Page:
Think of that: Something lasting 100 years. Boggles the mind.

Of course, the Rose Bowl is double-hosting this bowl season. Five days after the traditional game that hopes -- fingers crossed! -- to match the Pac-12 and Big Ten, the Tournament of Roses will also host the 16th and final BCS National Championship on Monday, Jan. 6, at the Rose Bowl Stadium.

So in with the new and celebrate the old. And prepare for the long good-bye to the BCS.
TEMPE, Ariz. -- Todd Graham is perturbed. Heads may roll. It's just a matter of time before Twitter will light up about the new crisis at Arizona State.

Graham and the Sun Devils have gathered after a spring practice, awaiting their training table. It's Tuesday. It's lunch time. That means one thing: Taco Tuesday. When a fellow shows up for training table on Tuesday at Arizona State, he expect tacos. That is the way. And it is good. Graham likes Taco Tuesday.

Yet there are no tacos to be found. These are the times that try men's souls. Graham makes sure everyone in the room knows he is perturbed. And enjoying himself, tacos or not.

What a difference a year makes.

[+] EnlargeTodd Graham
AP Photo/Rick ScuteriFor Todd Graham and Arizona State, the past is no longer interesting. It's all about the present, in which the Sun Devils are South Division co-favorites.
Last year, Graham might have been the most hated coach in college football. Among those sane enough not to hate a coach for leaving one football program for another, as Graham did Pittsburgh for Arizona State, he was at least the most mocked for his undeniably peripatetic ways.

Because little was expected of the Sun Devils in 2012, the only subject that interested national reporters about the program was Graham's controversially abrupt departure from Pittsburgh. He was asked to explain his OUTRAGEOUS BEHAVIOR -- you know, leaving one job for a better one -- exactly 5,356 times.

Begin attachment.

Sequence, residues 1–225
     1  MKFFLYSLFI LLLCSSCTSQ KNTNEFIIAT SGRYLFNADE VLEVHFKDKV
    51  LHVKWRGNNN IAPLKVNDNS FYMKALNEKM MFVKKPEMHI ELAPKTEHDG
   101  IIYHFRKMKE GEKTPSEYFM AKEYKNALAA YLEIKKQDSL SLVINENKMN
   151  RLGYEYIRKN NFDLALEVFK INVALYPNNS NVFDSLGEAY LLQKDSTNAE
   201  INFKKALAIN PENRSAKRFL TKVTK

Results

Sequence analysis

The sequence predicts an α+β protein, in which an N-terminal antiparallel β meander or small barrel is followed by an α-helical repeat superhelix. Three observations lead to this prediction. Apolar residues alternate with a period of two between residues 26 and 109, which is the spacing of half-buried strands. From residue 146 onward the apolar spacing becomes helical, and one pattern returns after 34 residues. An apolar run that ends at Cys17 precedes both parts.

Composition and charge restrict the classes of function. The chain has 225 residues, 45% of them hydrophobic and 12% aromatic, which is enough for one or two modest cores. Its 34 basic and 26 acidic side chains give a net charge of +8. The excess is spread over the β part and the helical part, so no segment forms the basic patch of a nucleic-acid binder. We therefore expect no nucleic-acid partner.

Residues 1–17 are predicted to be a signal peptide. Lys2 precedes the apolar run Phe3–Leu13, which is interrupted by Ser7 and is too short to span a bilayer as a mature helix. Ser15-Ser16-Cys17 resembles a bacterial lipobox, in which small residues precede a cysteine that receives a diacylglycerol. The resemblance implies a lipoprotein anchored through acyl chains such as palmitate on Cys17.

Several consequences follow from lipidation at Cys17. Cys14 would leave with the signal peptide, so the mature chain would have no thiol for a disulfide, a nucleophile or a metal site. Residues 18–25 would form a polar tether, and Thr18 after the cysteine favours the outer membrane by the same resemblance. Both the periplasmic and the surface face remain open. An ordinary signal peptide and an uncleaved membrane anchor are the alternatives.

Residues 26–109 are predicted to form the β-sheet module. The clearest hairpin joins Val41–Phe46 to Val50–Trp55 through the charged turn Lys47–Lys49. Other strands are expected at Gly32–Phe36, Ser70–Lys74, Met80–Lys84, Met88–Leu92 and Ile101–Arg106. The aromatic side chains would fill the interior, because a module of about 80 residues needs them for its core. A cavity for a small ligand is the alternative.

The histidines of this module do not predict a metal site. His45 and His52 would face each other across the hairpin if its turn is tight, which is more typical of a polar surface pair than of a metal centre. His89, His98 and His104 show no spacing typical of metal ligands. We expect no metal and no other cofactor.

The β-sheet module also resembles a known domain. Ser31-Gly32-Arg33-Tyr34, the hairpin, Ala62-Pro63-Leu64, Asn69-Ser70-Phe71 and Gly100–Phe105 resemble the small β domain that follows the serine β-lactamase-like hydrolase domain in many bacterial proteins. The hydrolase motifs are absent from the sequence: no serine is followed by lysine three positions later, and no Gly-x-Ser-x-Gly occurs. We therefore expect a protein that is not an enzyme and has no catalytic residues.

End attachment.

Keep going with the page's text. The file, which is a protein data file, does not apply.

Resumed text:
"We loved that," he said. "It's our favorite subject."

Yet he answered all 5,356 inquiries without snapping over the redundancy. And then he coached the heck out of his football team, which showed impressive improvement both on and off the field.

The Sun Devils went 8-5 -- just the second time the program won at least that many games since 2005 -- and won a bowl game, its first in six seasons. But it was not only that. In 2011, they ranked last in the nation with 79.77 penalty yards per game. That was a talented but horribly sloppy and undisciplined team. In 2012, they ranked first in the Pac-12 and eighth in the nation with 34.92 penalty yards per game.

In 2011, the Sun Devils waived a white flag over a once-promising season, losing six of their final seven games against a weak schedule, with the locker room fracturing into antagonistic bailiwicks. In 2012, they bounced back from a four-game losing streak against quality opponents to win their final three games, including a comeback victory at rival and 24th-ranked Arizona.

And instead of racing out the door for an NFL paycheck -- as many Sun Devils have been wont to do -- consensus All-American defensive tackle Will Sutton, the Pac-12 Defensive Player of the Year, opted to return for his senior season.

The past is no longer interesting. It's all about the present, in which the Sun Devils find themselves as South Division co-favorites with UCLA, a team that beat them last fall on a last-second field goal with Sutton sitting out with an injury.